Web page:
Supremes examine Bush’s war powers

The U.S. Supreme Court on Tuesday hears a challenge by Osama bin Laden’s former driver to President Bush’s power to set up military tribunals in his war on terrorism.

The arguments could lead to the most significant ruling on presidential war powers since the World War Two era.

At issue are special war crimes tribunals Bush established shortly after the September 11 attacks for trying prisoners held at the U.S. military base at Guantanamo Bay in Cuba.

The case could further define the balance of power between the presidency and the judiciary after Supreme Court rulings in 2004 that put limits on Bush’s powers in the war on terrorism.

Lawyers for Salim Ahmed Hamdan, a Yemeni who was bin Laden’s driver in Afghanistan, have argued that Bush lacked the power to create the tribunals.

The court will also consider whether Guantanamo prisoners can go to court in the United States to enforce protections under the Geneva Conventions. The Bush administration says the conventions do not apply to these prisoners.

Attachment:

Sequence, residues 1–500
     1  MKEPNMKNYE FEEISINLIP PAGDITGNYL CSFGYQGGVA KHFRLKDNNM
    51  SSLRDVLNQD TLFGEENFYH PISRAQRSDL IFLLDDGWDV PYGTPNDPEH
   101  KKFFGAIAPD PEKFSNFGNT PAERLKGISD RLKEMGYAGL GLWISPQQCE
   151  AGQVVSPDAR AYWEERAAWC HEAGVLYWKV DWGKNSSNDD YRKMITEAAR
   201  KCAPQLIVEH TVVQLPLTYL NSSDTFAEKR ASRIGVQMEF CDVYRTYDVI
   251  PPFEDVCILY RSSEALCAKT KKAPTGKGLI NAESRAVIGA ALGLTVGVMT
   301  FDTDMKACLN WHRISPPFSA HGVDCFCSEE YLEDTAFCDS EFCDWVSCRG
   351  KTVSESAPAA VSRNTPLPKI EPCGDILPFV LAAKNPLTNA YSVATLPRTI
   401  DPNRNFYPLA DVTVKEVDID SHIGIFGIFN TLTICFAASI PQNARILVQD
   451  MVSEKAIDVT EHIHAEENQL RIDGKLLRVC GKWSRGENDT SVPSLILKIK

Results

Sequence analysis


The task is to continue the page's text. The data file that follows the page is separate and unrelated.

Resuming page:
Georgetown University law professor Neal Katyal, who is arguing the case for Hamdan, challenged the tribunals as unlawful because they failed to provide the same fair procedures and protections as U.S. and international law.

The administration says the president has the power to set up the tribunals based on his authority as commander in chief and on a resolution approved by the U.S. Congress authorizing military force after the September 11 attacks.

Solicitor General Paul Clement of the Justice Department, who will try to defend Bush’s broad powers in the war on terrorism, said the Geneva Convention’s protections do not apply to al Qaeda members like Hamdan.

Before the justices can rule on the legal issues at the heart of the case, they must decide a more basic question — whether a recent law stripped the court of its jurisdiction over Hamdan’s appeal.

The administration said Hamdan’s challenge must be dismissed because of the Detainee Treatment Act that Bush signed on December 30. Hamdan’s lawyers said the law was not meant to sidetrack an existing challenge to the tribunals.

The Hamdan case will be heard without Chief Justice John Roberts. He has removed himself because before he joined the Supreme Court he was part of a U.S. appeals court panel that ruled against Hamdan.

© Reuters 2006